Vitals: Within normal limits

General: Alert, anxious

Genitourinary: Penile swelling, erythema, and tenderness to palpation


Paraphimosis is a medical emergency due to the risk of tissue necrosis. A preputial or phimotic ring – a circumferential band of tissue – caught behind the glans causes swelling of penile tissue.

In the evaluation of painful penile swelling, the first step is to determine whether the patient is circumcised or not through a review of the medical record or discussion with the patient’s family. In an uncircumcised male, the critical next step is to assess for an entrapped and retracted foreskin (paraphimosis). Visualization of the glans penis and the urethral meatus as in this case demonstrates that the foreskin is retracted. Additionally, visualization of the glans penis and urethral meatus makes a scarred and unretractable foreskin (pathologic paraphimosis) unlikely to be the primary diagnosis. The differential diagnosis also includes hair tourniquet syndrome, chigger bites, and inflammation of the glans and foreskin (balanitis and balanoposthitis).

Take-Home Points

  • In any male presenting with penile pain, it is critical to first ascertain his circumcision status. In an uncircumcised male, visualizing the glans and urethral meatus demonstrates that the foreskin is retracted.
  • Paraphimosis is a medical emergency caused by an entrapped, retracted foreskin.
  1. Bragg BN, Kong EL, Leslie SW. Paraphimosis. 2021 May 4. In: StatPearls [Internet]. Treasure Island (FL): StatPearls Publishing; 2021 Jan–. PMID: 29083645.
  2. 2. Simonis K, Rink M. Paraphimosis. In: Urology at a Glance. Springer Berlin Heidelberg; 2014:361-364. doi:10.1007/978-3-642-54859-8_65




By |2021-09-13T10:34:13-07:00Sep 13, 2021|Genitourinary, Pediatrics, SAEM Clinical Images|

EMRad: Can’t Miss Adult Traumatic Hip and Pelvis Injuries


Have you ever been working a shift at 3 AM and wondered, “Am I missing something? I’ll just splint and instruct the patient to follow up with their PCP in 1 week.” This is a reasonable approach, especially if you’re concerned there could be a fracture. But we can do better. Enter the “Can’t Miss” series: a series organized by body part that will help identify injuries that ideally should not be missed. This list is not meant to be a comprehensive review of each body part, but rather to highlight and improve your sensitivity for these potentially catastrophic injuries. We’ve already covered the adult elbow, wrist, shoulder, ankle/foot, and knee. Now: the hip.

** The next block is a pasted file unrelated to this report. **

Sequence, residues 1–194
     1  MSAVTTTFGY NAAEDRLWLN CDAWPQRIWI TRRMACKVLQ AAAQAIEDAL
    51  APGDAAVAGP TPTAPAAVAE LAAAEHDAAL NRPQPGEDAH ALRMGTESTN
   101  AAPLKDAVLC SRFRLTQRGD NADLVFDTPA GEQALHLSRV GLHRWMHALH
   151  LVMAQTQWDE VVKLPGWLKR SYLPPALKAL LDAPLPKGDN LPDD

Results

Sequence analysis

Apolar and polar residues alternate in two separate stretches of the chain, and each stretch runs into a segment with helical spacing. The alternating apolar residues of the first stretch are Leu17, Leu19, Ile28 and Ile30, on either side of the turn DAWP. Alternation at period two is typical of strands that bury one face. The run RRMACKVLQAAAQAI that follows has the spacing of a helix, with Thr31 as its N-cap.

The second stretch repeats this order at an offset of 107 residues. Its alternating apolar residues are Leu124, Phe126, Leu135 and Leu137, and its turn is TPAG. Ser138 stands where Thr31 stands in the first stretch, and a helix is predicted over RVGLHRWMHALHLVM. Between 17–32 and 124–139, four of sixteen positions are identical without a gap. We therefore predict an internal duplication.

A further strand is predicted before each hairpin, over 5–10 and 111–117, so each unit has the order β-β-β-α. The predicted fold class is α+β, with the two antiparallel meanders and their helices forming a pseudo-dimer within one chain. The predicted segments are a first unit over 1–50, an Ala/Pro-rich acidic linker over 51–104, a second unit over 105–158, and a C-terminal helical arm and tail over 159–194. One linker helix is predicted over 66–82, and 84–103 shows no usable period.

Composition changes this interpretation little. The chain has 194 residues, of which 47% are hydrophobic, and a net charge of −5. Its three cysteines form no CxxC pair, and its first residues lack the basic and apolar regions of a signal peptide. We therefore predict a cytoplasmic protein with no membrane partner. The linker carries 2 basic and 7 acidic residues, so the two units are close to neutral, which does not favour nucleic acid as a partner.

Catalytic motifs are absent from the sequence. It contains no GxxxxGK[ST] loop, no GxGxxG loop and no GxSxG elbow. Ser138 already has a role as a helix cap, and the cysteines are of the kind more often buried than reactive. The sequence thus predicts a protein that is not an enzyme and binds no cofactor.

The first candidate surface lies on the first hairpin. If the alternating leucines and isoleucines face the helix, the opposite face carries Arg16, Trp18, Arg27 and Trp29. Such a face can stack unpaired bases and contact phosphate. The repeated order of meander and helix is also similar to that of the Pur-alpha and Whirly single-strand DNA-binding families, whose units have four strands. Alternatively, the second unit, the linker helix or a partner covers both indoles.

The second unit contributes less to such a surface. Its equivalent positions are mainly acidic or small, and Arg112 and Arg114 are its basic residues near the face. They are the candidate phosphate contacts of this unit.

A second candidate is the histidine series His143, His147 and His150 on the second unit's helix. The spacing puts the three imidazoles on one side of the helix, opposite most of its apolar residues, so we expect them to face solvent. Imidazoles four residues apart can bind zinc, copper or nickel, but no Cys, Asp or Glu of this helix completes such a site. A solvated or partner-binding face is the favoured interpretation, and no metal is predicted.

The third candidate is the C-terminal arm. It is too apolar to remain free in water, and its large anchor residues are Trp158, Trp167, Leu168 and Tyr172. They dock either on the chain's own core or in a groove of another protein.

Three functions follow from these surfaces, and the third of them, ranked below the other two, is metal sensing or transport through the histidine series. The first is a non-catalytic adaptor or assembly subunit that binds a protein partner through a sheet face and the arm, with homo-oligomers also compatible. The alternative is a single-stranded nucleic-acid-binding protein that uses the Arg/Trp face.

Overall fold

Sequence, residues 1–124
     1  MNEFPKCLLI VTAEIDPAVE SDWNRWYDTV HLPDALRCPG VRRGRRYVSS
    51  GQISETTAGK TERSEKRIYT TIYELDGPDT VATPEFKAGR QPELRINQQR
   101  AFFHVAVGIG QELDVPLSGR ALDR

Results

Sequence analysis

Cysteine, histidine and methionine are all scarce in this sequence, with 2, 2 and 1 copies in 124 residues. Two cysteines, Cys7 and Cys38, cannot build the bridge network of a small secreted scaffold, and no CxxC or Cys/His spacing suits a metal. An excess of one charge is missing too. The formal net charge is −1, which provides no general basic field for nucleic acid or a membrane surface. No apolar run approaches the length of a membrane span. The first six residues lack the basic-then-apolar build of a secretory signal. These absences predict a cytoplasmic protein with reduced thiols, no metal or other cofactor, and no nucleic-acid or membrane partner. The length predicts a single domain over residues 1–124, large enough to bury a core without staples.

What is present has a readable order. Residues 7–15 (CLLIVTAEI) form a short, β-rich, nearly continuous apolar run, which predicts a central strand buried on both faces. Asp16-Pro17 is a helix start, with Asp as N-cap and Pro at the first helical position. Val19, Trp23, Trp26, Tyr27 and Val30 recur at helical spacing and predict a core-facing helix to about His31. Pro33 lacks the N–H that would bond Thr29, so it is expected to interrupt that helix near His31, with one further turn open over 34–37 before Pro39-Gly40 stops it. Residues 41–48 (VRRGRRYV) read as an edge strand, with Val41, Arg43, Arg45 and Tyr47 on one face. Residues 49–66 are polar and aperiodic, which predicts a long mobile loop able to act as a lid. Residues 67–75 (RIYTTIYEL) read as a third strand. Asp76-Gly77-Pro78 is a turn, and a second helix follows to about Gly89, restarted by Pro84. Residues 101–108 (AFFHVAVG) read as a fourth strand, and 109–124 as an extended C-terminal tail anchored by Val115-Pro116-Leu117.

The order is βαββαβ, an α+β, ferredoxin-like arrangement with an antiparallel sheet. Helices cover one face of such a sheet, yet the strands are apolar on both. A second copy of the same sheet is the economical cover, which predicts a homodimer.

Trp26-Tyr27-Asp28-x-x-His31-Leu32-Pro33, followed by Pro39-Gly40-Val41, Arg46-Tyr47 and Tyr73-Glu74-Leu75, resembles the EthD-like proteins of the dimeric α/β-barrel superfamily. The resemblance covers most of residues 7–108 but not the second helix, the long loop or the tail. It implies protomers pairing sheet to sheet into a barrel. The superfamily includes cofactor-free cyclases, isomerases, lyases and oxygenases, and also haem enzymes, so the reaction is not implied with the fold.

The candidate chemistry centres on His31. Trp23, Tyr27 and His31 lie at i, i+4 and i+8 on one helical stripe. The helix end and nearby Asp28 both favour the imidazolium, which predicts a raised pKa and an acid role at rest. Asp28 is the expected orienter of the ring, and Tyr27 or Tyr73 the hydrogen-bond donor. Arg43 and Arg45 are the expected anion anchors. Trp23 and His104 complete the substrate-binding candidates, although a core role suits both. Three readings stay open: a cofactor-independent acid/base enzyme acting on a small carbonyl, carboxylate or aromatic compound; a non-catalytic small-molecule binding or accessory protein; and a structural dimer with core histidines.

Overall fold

By |2021-09-01T17:23:13-07:00Sep 3, 2021|Orthopedic, Radiology, SplintER, Trauma|

SAEM Clinical Image Series: Pulseless and Painful Blue Leg

painful blue leg

A 57-year-old male who works as a truck driver with a history of hypertension, type 2 diabetes, and recent COVID-19 infection presents with right lower extremity pain for two hours. He reports experiencing one day of dull aching of the right leg, then being suddenly awakened with the abrupt onset of severe right leg pain and shortness of breath. He denies chest pain. EMS reports a pulseless and painful blue leg en route. The patient denies any history of trauma, irregular heartbeat, or anticoagulation.

Vitals: T 97.5°F; BP 120/78; HR 102; RR 20; oxygen saturation 100%

General: Writhing and moaning in pain

Cardiovascular: Tachycardic; 2+ pulses in all extremities except for the right lower extremity

Pulmonary: No respiratory distress

Hemoglobin: 12.9 g/dL

INR: 1.02

Phlegmasia cerulea dolens